battambang – Han That was looking for work. He was living in a pagoda in the suburbs of Battambang and had no job. So when a friend told him about an NGO offering election jobs, he hurried along to sign up.
The Takhmau Community Development of Agriculture and Industry for Observing the Free and Fair Election in Cambodia asked Han That for $10. In return he got an NGO identity card, a promise of a salary and a national observer card issued by the provincial election commission.
The photograph on the observer card is his. The name reads Ty Pheap, age 31. The same name appears on the NGO identity card, alongside Han That’s picture. The NGO card cities Ty Pheap’s occupation as a member of the Takhmau organization based in Battambang.
“I thought it was funny,” Han That said at his home at Wat Balat, but he didn’t complain about the wrong name on the card. “I was concerned, if I don’t work I wouldn’t get a salary.”
One month later, he is still waiting for his wages. He has been told he will be paid after the election. Han That’s friend hasn’t received any money either. He asked for a higher position in the organization and paid $200 for his card, Han That said. “They promised us a salary,” he said.
Takhmau Community Development of Agriculture and Industry for Observing the Free and Fair Election opened an office in Battambang one month ago. The NGO did not demand a large fee from new recruits, Yim Seap, the Battambang group’s president, said Wednesday.
“It is not true that someone paid $10,” he said. “The staff pay 4,000 riel to pay for the plastic NGO card. Some members pay $50 or $100 when they find a job later on, as a donation to support the organization.”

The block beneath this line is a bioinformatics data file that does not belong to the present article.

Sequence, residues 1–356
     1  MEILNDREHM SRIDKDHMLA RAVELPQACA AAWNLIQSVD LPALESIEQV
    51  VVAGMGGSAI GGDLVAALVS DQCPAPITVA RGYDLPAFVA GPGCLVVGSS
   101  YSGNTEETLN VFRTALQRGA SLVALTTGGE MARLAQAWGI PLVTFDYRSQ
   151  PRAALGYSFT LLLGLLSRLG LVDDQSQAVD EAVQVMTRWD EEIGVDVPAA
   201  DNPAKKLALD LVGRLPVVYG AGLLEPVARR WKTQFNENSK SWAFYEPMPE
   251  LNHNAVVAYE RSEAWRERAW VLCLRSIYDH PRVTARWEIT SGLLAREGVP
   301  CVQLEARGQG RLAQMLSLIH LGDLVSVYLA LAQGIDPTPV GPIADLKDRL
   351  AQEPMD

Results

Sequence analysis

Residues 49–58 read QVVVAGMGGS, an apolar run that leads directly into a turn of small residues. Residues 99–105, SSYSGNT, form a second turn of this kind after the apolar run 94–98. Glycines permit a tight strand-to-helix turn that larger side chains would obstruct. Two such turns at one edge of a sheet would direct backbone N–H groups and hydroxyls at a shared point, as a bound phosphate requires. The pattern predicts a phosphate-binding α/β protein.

“If one person came to ask about a job here and then he didn’t want to work here, he would be replaced by someone else,” he said when asked about the discrepancy between name and photograph on the card.
The Takhmau NGO’s mandate is to develop jute products for farmers, but now the jute season is over and members are concentrating on the election, he said.
The NGO has registered 134 people as national election observers, the provincial election commission confirmed Wednesday. Recently released figures from the National Election Commission listed 509 observers nationwide.
Whatever the NGO promised Han That and his friend, no organization should demand a fee for observer cards, said Kong Srun, president of the Battambang provincial election commission.
“We want to know why some NGOs are charging money, to make a problem with the PEC or just for business,” he said. But he added that the commission did not have enough time or resources to investigate. He said promises of work were a matter for the individual NGO, not the provincial commission.
But Kong Srun did concede that the PEC had been negligent in not checking identity cards when it issued the observer cards and insisted officials would be more rigorous in the future. The PEC here has already registered 2,671 people as national election observers for the province.
An independent election observer said Wednesday the scam is widespread. He also was worried the reputation of election NGOs would be sullied by some organizations making money by selling cards. “Maybe they want to weaken neutral associations like Comfrel and Coffel on monitoring the election,” he suggested.